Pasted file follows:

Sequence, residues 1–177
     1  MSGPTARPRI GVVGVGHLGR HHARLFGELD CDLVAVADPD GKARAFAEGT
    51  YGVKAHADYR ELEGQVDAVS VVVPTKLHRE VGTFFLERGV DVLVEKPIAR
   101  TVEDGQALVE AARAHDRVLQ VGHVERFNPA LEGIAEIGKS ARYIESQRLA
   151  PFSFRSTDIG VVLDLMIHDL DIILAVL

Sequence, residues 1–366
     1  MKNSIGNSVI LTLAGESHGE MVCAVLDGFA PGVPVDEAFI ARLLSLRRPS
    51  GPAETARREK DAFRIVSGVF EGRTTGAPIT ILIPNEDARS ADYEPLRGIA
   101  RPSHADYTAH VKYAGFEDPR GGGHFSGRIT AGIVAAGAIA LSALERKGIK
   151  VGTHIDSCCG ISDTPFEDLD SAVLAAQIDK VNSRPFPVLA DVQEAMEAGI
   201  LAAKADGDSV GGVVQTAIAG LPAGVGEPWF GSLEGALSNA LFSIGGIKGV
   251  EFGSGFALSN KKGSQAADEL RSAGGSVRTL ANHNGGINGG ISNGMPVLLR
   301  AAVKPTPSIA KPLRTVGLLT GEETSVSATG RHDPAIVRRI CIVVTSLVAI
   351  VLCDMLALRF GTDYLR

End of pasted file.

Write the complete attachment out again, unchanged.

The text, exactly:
Sequence, residues 1–177
     1  MSGPTARPRI GVVGVGHLGR HHARLFGELD CDLVAVADPD GKARAFAEGT
    51  YGVKAHADYR ELEGQVDAVS VVVPTKLHRE VGTFFLERGV DVLVEKPIAR
   101  TVEDGQALVE AARAHDRVLQ VGHVERFNPA LEGIAEIGKS ARYIESQRLA
   151  PFSFRSTDIG VVLDLMIHDL DIILAVL

Sequence, residues 1–366
     1  MKNSIGNSVI LTLAGESHGE MVCAVLDGFA PGVPVDEAFI ARLLSLRRPS
    51  GPAETARREK DAFRIVSGVF EGRTTGAPIT ILIPNEDARS ADYEPLRGIA
   101  RPSHADYTAH VKYAGFEDPR GGGHFSGRIT AGIVAAGAIA LSALERKGIK
   151  VGTHIDSCCG ISDTPFEDLD SAVLAAQIDK VNSRPFPVLA DVQEAMEAGI
   201  LAAKADGDSV GGVVQTAIAG LPAGVGEPWF GSLEGALSNA LFSIGGIKGV
   251  EFGSGFALSN KKGSQAADEL RSAGGSVRTL ANHNGGINGG ISNGMPVLLR
   301  AAVKPTPSIA KPLRTVGLLT GEETSVSATG RHDPAIVRRI CIVVTSLVAI
   351  VLCDMLALRF GTDYLR